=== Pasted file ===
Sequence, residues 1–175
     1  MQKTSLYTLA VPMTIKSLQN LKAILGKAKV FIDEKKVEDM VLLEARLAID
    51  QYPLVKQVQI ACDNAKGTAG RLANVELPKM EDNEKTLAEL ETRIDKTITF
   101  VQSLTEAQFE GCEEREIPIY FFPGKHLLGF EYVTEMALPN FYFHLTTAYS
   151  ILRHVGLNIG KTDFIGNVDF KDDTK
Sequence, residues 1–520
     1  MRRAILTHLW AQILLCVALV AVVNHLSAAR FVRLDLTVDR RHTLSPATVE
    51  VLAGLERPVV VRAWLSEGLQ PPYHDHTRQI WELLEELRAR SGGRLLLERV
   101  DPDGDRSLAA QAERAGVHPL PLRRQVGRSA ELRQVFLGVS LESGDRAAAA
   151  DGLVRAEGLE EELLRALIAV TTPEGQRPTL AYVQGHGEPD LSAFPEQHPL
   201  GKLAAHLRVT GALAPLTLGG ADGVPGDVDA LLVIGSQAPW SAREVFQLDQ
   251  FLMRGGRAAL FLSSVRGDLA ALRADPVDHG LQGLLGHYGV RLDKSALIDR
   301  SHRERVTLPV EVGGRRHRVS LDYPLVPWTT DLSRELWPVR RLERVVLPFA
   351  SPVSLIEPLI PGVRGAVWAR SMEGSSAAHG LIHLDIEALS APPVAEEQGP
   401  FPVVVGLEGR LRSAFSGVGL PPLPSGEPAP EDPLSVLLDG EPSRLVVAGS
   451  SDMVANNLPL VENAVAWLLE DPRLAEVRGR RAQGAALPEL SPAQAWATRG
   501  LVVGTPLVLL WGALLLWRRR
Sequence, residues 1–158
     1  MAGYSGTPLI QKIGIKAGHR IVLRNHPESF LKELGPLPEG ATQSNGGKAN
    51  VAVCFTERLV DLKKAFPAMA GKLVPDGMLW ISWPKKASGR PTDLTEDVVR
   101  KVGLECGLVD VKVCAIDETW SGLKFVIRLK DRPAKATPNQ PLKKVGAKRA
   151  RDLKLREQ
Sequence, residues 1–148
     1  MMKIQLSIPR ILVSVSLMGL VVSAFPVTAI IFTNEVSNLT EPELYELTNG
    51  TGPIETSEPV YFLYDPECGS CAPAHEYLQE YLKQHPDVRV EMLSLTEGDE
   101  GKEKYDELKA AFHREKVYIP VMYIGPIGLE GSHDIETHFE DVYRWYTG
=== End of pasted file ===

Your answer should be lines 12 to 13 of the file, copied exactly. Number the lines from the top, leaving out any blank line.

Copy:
   251  FLMRGGRAAL FLSSVRGDLA ALRADPVDHG LQGLLGHYGV RLDKSALIDR
   301  SHRERVTLPV EVGGRRHRVS LDYPLVPWTT DLSRELWPVR RLERVVLPFA